|September 29, 2008|
The following was posted on the Premium Forum: Hi SoccerHelp, I co-coach a 7th grade Rec team that is playing 11v11 for the first time and we were given 7 new players by the league, making us 18 strong. Five of the new players are good players left over from another team that dissolved after last season. The league requires each player play at least half of the game. If you do the math, that means that all but three (discounting the keeper) will play only half the game. We're trying to decide on the best frequency and timing for substitutions. One alternative is to sub three times per half in two groups (excluding the three that play a full half). That way, all players play at least half of each half, rotating every 7-8 minutes (approximately). Another is to sub every ten minutes, meaning that both groups of players plays ten minutes in one half and twenty minutes in the other half. I'd be very interested in any reactions or input members have to this question. Thanks. 7th Grade Coach -------------------------------------------- Hi 7th Grade Coach, If you go to the article "Substituting - When and How" there are ideas about this. I've pasted some below. In the article is a sample of the Roster I used. Keep in mind that you won't be able to sub exactly at 7 minutes. So, if you want to sub every 7 minutes, set your watch for 5 minutes -- that will usually let you sub between 5 and 7 minutes. Keeping track of 18 players is tough. Below is the approach that I used: Here's what I did: First, if you have 4 or more subs, recognize that subbing will have to be someone's primary job -- it's hard to coach and sub if you have a lot of subs. So, either get someone to do the subbing or to help you coach during the games. Start with a roster by positions, and who will start, and write down where the subs will play when they go in -- keep this list in your hand or pocket during the game. Buy a wristwatch with a countdown timer that has an alarm -- you can get these at Target and Wal-Mart for about $25. Decide how frequently you will sub. I set my timer for 5 minutes, but I coached boys who got restless quickly. We could only sub on our throw-ins, goal kicks and a few other times, so it would often be 6 to 8 minutes before I could get the subs to the Halfway Line (which our refs required) and yell "Sub". I found I kept their attention better if they weren't out of the game for very long. You will get some griping no matter which approach you use. If you sub frequently, your players should stay fresher (especially on a hot day), there's less chance of them wandering off, and players will feel like they've played more than if they are sitting for long periods on the sideline. More Thoughts On How To Sub Rec Teams. As you know, it isn't easy to ensure equal playing time. An alternative to trying to give every player exactly the same amount of playing time is to promise that each player will play at least half the game and to sub the positions that run the most and to sub the least popular positions (Fullback) the least. For example, I sometimes just rotated 4 players among my 3 Fullback positions, so the Fullbacks played more, because they didn't run as much and it wasn't a position that players begged to play. I tried to sub the Midfielders a lot because they run the most, and sometimes I had 2 midfielders for each position who each played 50% of the game. I would sub the Forwards a lot too. Here's how I kept up with it: We played 2 halves and I listed all the positions for each half on the left side of the page and the 2nd half on the right side of the page. Beside each position I listed the players who would rotate into those positions. An example is below (R is right side, L is left, C is center, F is forward, MF is Midfielder, ST is stopper, FB is fullback and G is goalie). As an example: If I had 4 players to rotate at the 3 Forward positions, I would sub after 5 minutes and then keep rotating the players who were on the bench (so, in the example below, Danny, Sam and Joe would start and Billy would sub in for Danny. Then Danny would sub in for Sam and then Sam would sub in for Joe). If it doesn't matter to you which positions the players play, it will be easier. I suggest this approach: Go to Target or Wal-Mart and buy a Timex or Casio sports watch with a countdown timer (about $25). Set the timer on 5 minutes and start it when the game starts. It will ring after 5 minutes and when you're able to get the subs into the game you press the button so it restarts. Players will complain about being subbed no matter whether it's 5 minutes, 7 or 10. I found that if I tried to sub at 5 minutes, I could usually get them subbed by 7 minutes. By subbing frequently the players stayed more involved in the game. Sub in "groups". The simplest thing is to sub the entire midfield or all Midfielders and Forwards. David at SoccerHelp -------------------------------------------- Hi SoccerHelp, So you favor subbing more frequently, correct? Our concern was that subbing 7 minutes (=/- of course) would be too brief a period of time. 7th Grade Coach -------------------------------------------- Hi 7th Grade Coach, I preferred subbing frequently because it kept my players on the sideline "in the game" and they didn't get bored. If you had a Select/Travel team you would sub less frequently so players got a longer stretch of playing time, but your team is Rec. There are 4 advantages to subbing frequently:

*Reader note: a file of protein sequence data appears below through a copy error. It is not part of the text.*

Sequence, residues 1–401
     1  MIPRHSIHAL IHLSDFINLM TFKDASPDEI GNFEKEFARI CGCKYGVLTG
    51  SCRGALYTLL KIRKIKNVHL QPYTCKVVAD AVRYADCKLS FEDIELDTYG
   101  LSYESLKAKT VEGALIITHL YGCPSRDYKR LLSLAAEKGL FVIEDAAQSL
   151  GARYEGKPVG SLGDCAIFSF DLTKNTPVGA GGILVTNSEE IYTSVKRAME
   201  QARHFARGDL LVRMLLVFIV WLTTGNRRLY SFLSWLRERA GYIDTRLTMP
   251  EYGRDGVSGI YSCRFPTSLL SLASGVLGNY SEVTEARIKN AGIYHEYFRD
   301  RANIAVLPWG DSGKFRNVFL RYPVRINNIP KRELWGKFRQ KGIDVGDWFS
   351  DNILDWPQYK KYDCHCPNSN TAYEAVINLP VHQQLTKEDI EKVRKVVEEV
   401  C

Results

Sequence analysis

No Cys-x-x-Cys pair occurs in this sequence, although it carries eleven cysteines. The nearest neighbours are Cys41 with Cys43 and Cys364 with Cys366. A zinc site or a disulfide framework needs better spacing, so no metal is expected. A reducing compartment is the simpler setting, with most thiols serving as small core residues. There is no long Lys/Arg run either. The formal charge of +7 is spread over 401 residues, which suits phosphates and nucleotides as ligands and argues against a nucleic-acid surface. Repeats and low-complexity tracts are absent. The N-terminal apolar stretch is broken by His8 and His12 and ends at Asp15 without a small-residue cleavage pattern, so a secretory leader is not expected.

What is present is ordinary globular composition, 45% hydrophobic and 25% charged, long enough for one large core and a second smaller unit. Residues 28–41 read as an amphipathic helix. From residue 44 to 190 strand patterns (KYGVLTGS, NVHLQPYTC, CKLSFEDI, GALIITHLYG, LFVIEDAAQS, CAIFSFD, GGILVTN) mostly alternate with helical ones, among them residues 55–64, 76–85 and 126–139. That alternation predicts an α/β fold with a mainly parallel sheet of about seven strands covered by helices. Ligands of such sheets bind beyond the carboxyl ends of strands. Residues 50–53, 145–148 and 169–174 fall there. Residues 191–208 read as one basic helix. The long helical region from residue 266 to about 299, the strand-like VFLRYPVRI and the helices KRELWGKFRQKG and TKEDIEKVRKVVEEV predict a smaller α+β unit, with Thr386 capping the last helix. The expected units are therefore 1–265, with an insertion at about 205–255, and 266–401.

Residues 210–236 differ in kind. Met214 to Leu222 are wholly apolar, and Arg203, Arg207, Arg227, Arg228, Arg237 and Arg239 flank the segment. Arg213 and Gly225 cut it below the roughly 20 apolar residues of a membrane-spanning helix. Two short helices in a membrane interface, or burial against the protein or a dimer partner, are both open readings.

Coach who Used Patches to Motivate Soccer Teamwork, Practice, Have Fun and Win.
Tips for How to Use Patches to Motivate Soccer Players
How to Use Patches to Increase Soccer Scoring
Where to Put Soccer Patches
Soccer DVDs I Recommend
I didn't sub all positions the same amount -- I subbed my MFs and Forwards a LOT, because they were running a lot. When I Defended Deep, I would sub my FBs less, and sometimes they might play the entire game without being subbed if I didn't have subs for them -- I had to use my subs for the "running" positions. So, if you are short on subs, one strategy is to Defend Deep and don't sub your FBs. Please let me know what you do and how it works. David at SoccerHelp
- It keeps the players on the sideline "in the game" and they don't get bored. So, it�s more fun, and that�s the main objective of Rec soccer.
- It gives all the players frequent breaks, so they don't get worn out. I had some players who could run all day, but most got tired quickly.
- While my players were in the game, I expected them to give a 100% effort, which they did because they knew they would get a break soon. I told them �Play hard while you are in the game � give it 100%�.
- There is less chance that someone will feel they didn�t get to play enough.